Note from David Knight: There’s inaccuracies in this article (even The Guardian – the original source – confused the vote). It was 62-37-1 on the TPA, not 62-38. The two Republicans referred to didn’t vote for cloture and five Republicans voted against the fast track.
It took just a few days after the stunning defeat of Obama’s attempt to fast-track the Trans Pacific Partnership bill in the Senate at the hands of his own Democratic party, before everything returned back to normal and the TPP fast-track was promptly passed. Why? The simple answer: money. Or rather, even more money.
Because while the actual contents of the TPP may be highly confidential, and their public dissemination may lead to prison time for the “perpetrator” of such illegal transparency, we now know just how much it cost corporations to bribe the Senate to do the bidding of the “people.” In the Supreme Court sense, of course, in which corporations are “people.”
According to an analysis by the Guardian, fast-tracking the TPP, meaning its passage through Congress without having its contents available for debate or amendments, was only possible after lots of corporate money exchanged hands with senators. The US Senate passed Trade Promotion Authority (TPA) – the fast-tracking bill – by a 65-33 margin on 14 May. Last Thursday, the Senate voted 62-38 to bring the debate on TPAto a close.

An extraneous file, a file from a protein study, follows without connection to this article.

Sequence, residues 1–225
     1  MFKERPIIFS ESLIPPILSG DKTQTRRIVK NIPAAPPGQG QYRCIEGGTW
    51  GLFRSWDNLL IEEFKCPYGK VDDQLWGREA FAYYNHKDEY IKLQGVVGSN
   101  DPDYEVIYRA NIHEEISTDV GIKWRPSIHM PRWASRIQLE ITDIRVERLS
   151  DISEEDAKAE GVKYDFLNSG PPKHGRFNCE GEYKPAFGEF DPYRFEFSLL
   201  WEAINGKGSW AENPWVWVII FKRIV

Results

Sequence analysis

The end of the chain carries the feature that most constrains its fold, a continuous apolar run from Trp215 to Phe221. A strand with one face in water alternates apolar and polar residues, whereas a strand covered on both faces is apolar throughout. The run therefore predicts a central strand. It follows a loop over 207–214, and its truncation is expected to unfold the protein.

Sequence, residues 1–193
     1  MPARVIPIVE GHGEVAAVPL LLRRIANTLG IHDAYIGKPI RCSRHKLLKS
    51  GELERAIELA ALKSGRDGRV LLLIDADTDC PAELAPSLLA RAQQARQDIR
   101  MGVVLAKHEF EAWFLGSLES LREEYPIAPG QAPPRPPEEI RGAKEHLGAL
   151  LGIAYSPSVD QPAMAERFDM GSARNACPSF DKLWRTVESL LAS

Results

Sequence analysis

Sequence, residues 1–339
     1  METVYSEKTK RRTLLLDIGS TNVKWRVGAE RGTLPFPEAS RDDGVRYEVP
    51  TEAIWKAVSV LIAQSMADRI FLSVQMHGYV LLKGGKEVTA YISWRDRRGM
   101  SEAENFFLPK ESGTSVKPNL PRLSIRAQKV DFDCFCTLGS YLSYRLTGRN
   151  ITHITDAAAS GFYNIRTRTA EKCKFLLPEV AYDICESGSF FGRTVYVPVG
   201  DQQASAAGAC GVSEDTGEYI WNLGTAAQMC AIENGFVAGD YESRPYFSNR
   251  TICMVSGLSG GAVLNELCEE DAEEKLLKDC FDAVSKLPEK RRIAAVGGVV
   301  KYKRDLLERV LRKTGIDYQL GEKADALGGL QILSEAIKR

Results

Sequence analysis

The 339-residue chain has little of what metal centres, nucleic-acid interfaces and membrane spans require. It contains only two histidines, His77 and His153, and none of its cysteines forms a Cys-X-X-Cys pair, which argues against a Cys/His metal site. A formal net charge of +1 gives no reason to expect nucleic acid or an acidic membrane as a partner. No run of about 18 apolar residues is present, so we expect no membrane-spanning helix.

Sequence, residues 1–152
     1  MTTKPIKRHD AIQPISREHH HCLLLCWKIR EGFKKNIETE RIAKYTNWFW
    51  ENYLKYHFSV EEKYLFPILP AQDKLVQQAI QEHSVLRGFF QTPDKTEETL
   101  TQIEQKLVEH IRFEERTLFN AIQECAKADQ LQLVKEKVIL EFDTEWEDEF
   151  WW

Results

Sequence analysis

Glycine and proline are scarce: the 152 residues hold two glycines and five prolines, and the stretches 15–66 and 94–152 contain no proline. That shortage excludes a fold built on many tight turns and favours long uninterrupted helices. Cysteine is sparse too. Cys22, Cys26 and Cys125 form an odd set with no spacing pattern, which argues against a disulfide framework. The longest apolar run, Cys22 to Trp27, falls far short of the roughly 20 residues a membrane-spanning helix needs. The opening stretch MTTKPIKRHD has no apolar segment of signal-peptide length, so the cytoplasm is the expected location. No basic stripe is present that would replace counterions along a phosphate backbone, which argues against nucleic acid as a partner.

Those impressive majorities follow months of behind-the-scenes wheeling and dealing by the world’s most well-heeled multinational corporations with just a handful of holdouts.
Using data from the Federal Election Commission, the chart below (based on data from the following spreadsheet) shows all donations that corporate members of the US Business Coalition for TPP made to US Senate campaigns between January and March 2015, when fast-tracking the TPP was being debated in the Senate.
The result: it took a paltry $1.15 million in bribes to get everyone in the Senate on the same page. And the biggest shocker: with a total of $195,550 in “donations”, or more than double the second largest donor UPS, was none other than Goldman Sachs.
The summary findings:
- Out of the total $1,148,971 given, an average of $17,676.48 was donated to each of the 65 “yea” votes.
- The average Republican member received $19,673.28 from corporate TPP supporters.
- The average Democrat received $9,689.23 from those same donors.
The amounts given rise dramatically when looking at how much each senator running for re-election received.
Two days before the fast-track vote, Obama was a few votes shy of having the filibuster-proof majority he needed. Ron Wyden and seven other Senate Democrats announced they were on the fence on 12 May, distinguishing themselves from the Senate’s 54 Republicans and handful of Democrats as the votes to sway.
- In just 24 hours, Wyden and five of those Democratic holdouts – Michael Bennet of Colorado, Dianne Feinstein of California, Claire McCaskill of Missouri, Patty Murray of Washington, and Bill Nelson of Florida – caved and voted for fast-track.